Jet Blue’s got the right idea. All of their reservation agents work from home. They have created an entire webwork of telecommuters by using a computer network that feeds and monitors incoming calls to their at-home staff .
When I called Jet Blue to book a recent flight the reservation agent was very professional and pleasant. If I hadn’t read about their telecommuting practices, I never would have known the difference. At the end of the conversation I asked the agent, tongue in cheek, if she wears her bunny slippers to work (I couldn’t help myself). She laughed, but didn’t answer. I bet she does.
From a customer’s perspective, I appreciate the savings I get from Jet Blue’s cost cutting practices like the lack overhead for the reservations department. From a boss’s perspective, I was inspired by their system of managing telecommuting employees. According to an article on cbsnews.com, Jet Blue had a 25% increase in productivity the minute they switched to this work-from-home system that accurately keeps track of each telecommuter’s work hours and performance feedback.
But how do the rest of us quantify our telecommuters’ work? This is one of the biggest questions we bosses have about employees working from home. How do I know how much they are working? Continue reading “Managing Telecommuters: A Boss’s Perspective”
When we offer employees the chance to work from home, they usually love it. It’s become a perk for working with us – and it’s easy to set up. There are a variety of ways to work with telecommuting employees, but I like videoconferencing the best. It’s great to be able to see someone when you’re working with them. There are two videoconferencing tools we use, iChat and Skype. Some people feel iChat has better quality video but I prefer Skype. The audio quality is so far superior it out weighs any minimal difference in video. Bob O’Haver, my partner/husband here in the Berkshires has spent hours on end working virtually side by side with an associate in the LA area via Skype. I admit it can take time to get used to being on camera, but after a while you forget it’s even on. Be careful though… forgetting you’re on camera can be embarrassing! If you prefer, you can always make the video one way – so you can see them but they can’t see you. I’ve also found the mute button to be a saving grace. 🙂 Continue reading “Telecommuting as an Employee Benefit”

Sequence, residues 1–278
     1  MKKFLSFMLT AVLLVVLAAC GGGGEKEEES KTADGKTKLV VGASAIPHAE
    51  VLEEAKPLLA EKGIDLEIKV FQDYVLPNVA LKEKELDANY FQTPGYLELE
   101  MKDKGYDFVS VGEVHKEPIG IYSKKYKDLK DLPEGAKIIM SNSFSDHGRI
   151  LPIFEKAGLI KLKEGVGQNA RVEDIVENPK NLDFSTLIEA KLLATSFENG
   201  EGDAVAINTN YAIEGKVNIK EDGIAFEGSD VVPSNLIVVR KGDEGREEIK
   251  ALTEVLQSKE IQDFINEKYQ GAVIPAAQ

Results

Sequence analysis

FlexPath recently put out a listed of the five biggest mistakes individuals make in telecommuting.Â Having been both a telecommuter and employer of telecommuters, I thought it was useful.Â Here is FlexPath’s Five Biggest Mistakes in Telecommuting (in bold) with my perspective thrown in afterwards:
1. Neglect to set boundaries for themselves regarding work and personal responsibilities. I still find this quite challenging, even now after years of telecommuting.Â Here’s what works for me (sometimes):
- Have at least one work-dedicated phone line installed;
- Set up a room or area that is exclusively for work;
- Set a time when you ‘go home’ after which you don’t answer the phone or continue working (yeah, good luck with that!).
Continue reading “The Five Biggest Mistakes in Telecommuting”
Telecommunting is on the rise for various reasons. Gas prices, environmental issues, and the affordability of virtual office tools to name a few. I’m constantly on Skype or iChat (two video conferencing tools). Last week I spent four days in California… virtually. I literally had Skype on 8 – 10 hours each day, working closely with my employees in Los Angeles. It took them an hour or so to get comfortable having my ‘Max Headroom’ like presence on the computer screen in the room, but after the initial transition period, it worked surprisingly well. We could talk in real time, with no annoying delays, and work virtually side by side. Continue reading “Tools for Telecommuting”